You are a programmer. This morning you signed up for an email account and soon after received a job offer; you're excited to get started. But be careful, because you're about to get sucked into a deadly world of trickery and espionage.
- You recieve a simple job offer that you quickly complete.
- You do a couple of follow up jobs.
- You discover that you hav hacked the government! You want out.
- They blackmail you; you have no choice. You have to keep working for them.
- Eventually you hack them, and escape the world of danger.
So every mission you have will fit into the plot above, but will also be a coding and hacking puzzle. This is a game of danger, deceit, and learning.
Someone emails you saying that he's friends with Mike Zamansky; Z referred you to him as a capable programmer, and he wants to hire you for a job. You are to hack into his son's school's grade server so he can pass a failing class needed to graduate. The login password is hidden in the HTML source (it's pretty easy). You update the grade, email him back, the server checks the update happened, and then replies with thanks and a new offer.
"I think my wife is cheating on me. Can you crack her email and get me some information?" You hack into her email, which is another account on the same email server, and find emails from a suspicious individual that are encrypted with a relatively simple cypher. You reply with the encrypted code - he thanks you, but gives you no further job offers.
You are stumped, so you try to decrypt the code yourself. It's a simple substitution cypher. It turns out that his "wife" is actually a government agent and you have stumbled on potentially illegal information. You reply saying that you have discovered the true meaning of the code and that you are confused/upset he gave you a malicious task. He replies saying that you passed the "test", which was to see if you could decrypt the code on your own - and now that you have hacked into a government agent's email, he blackmails you into completing further missions for him (lest you be reported to the authorities for hacking).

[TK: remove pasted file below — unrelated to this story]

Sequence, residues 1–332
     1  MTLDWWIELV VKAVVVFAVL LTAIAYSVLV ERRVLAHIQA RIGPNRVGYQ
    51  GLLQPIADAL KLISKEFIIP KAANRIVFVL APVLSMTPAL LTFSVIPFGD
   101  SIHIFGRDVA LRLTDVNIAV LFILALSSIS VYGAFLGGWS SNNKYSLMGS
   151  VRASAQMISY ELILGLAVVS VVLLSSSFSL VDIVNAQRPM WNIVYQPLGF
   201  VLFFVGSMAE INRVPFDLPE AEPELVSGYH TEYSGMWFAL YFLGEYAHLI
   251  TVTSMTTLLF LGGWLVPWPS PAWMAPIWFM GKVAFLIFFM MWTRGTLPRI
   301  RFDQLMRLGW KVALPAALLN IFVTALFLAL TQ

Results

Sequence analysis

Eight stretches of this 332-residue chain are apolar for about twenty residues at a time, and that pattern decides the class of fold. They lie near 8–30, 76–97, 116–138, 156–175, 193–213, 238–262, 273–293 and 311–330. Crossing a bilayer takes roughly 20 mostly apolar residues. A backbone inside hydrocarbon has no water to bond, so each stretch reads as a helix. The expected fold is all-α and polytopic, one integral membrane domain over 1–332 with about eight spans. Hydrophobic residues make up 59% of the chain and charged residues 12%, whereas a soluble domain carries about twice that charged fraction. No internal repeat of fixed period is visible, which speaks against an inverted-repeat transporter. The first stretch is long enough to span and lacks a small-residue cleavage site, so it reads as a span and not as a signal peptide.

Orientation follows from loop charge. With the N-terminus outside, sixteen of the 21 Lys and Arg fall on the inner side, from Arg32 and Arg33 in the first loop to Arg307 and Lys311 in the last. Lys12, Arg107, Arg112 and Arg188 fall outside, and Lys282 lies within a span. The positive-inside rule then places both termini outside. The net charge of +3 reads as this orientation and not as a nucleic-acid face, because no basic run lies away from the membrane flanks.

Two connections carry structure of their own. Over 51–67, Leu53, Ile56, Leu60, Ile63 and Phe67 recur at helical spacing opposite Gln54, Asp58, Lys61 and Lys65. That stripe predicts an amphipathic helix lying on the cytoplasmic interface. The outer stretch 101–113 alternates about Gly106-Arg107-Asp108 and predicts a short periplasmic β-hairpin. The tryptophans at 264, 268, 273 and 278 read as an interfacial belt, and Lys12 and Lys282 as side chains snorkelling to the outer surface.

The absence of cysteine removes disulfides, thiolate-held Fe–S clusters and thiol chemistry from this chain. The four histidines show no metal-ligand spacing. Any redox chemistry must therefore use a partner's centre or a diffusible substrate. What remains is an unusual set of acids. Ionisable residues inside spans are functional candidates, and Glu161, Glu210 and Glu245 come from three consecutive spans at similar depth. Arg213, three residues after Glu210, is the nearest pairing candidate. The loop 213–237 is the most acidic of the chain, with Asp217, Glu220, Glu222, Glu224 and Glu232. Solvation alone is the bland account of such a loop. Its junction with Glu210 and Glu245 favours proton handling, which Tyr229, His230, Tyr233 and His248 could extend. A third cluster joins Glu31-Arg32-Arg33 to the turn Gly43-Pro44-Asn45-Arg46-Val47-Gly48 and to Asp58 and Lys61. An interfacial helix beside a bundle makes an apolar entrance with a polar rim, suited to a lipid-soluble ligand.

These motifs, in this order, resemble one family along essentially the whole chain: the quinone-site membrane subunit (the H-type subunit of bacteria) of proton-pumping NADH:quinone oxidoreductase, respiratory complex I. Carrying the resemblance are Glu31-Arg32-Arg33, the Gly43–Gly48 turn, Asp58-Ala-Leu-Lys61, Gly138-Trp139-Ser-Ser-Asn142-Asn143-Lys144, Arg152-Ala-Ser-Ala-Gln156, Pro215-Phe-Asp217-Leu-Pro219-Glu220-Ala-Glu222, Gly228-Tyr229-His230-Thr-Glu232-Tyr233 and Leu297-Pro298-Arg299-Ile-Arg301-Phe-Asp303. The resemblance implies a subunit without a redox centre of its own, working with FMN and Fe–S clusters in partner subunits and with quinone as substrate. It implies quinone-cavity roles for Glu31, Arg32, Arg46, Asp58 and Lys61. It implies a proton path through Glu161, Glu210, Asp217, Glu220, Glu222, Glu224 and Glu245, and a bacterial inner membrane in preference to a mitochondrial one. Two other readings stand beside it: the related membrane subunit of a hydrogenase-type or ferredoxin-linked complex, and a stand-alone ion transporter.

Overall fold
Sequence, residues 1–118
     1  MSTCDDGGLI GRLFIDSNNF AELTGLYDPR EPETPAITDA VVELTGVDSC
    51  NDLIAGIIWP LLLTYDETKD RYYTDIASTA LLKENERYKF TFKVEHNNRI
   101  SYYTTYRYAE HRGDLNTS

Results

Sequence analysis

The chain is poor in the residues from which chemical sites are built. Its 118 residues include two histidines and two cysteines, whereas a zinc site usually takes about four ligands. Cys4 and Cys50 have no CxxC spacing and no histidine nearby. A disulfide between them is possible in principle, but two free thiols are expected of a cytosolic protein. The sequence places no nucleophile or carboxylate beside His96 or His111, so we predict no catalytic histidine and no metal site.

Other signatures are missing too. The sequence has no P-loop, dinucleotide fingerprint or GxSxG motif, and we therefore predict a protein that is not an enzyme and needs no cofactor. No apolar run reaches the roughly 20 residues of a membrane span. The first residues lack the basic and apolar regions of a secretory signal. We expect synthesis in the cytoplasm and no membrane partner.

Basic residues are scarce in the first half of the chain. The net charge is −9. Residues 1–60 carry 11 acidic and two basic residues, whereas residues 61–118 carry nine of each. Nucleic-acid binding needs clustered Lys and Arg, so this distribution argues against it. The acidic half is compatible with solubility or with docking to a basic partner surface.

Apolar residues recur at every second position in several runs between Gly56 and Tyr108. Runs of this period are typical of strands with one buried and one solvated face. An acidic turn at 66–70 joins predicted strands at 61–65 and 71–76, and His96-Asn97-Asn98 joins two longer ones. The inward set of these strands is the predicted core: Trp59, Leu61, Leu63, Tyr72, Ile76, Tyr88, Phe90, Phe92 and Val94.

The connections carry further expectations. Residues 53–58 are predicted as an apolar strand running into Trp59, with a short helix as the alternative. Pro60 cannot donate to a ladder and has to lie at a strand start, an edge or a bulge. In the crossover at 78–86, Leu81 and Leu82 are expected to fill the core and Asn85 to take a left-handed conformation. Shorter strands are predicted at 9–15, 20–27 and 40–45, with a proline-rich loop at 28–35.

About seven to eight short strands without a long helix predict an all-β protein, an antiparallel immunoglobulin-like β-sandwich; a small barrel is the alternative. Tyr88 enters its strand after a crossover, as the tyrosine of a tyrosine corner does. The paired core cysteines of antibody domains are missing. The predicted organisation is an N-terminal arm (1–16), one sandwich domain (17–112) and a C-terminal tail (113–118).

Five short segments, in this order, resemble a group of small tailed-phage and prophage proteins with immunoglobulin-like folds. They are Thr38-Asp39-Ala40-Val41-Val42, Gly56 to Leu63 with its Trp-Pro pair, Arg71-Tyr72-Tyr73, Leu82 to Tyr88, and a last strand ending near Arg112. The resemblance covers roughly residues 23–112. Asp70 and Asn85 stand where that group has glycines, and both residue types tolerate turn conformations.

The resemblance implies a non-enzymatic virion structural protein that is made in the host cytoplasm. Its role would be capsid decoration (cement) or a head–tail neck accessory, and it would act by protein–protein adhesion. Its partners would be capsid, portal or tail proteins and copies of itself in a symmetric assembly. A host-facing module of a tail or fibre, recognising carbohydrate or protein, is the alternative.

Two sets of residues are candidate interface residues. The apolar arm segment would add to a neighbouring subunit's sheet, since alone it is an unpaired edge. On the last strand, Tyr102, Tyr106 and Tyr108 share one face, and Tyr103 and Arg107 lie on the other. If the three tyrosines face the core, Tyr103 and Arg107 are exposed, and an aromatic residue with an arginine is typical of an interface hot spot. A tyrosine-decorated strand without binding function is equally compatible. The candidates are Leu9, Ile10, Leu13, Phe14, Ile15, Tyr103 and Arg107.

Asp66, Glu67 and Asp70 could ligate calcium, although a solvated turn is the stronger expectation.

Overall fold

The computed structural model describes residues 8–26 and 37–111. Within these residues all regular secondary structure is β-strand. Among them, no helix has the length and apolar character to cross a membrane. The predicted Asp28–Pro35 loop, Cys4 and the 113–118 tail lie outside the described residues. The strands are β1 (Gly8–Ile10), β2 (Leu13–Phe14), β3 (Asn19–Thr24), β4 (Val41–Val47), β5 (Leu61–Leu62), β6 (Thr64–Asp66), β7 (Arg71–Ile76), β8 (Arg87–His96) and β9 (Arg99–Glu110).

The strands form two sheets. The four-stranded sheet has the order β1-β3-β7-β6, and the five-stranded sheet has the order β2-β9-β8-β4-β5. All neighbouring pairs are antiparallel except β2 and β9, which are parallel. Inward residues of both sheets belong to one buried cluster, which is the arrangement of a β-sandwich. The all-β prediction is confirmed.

He needs some money to buy new hardware, so he asks you to hack into an online banking site and transfer $5,000 to him (he gives you the bank routing number and his account but not enough to log in). He doesn't have another account to steal the money from, so you are responsible for finding one yourself. When browsing the site, you find a news story similar to the urban legend (http://www.snopes.com/katrina/photos/debitcard.asp) which gives you an account number to steal from. You log in and transfer the funds over. Your agent warns you that the FBI might be tracing suspicious transfers, and you should delete the transaction logs. He gives you the email account of a random employee (email@example.com) and tells you about XSS and how you can do this to get into his account, find the email of someone who can audit transaction history, and then repeat it to get his bank login info. You log in to the auditor's dashboard, delete the transaction logs, and complete the mission.
It is possible to lose the game. "Overhacking" -- doing things you are not supposed to -- or failing to cover your tracks in later missions, will lead to the FBI following your trail and arresting you. When you lose the game all pages on the server while you are logged in will redirect to a page that gives you a game over message (with an explanation of what happened, and your progress) and an option to log out. You cannot "save" or "revert" your progress at any point to avoid this; you must start over. The same "game over" message is displayed upon winning the game, but it is more congratulatory than "lol you failed".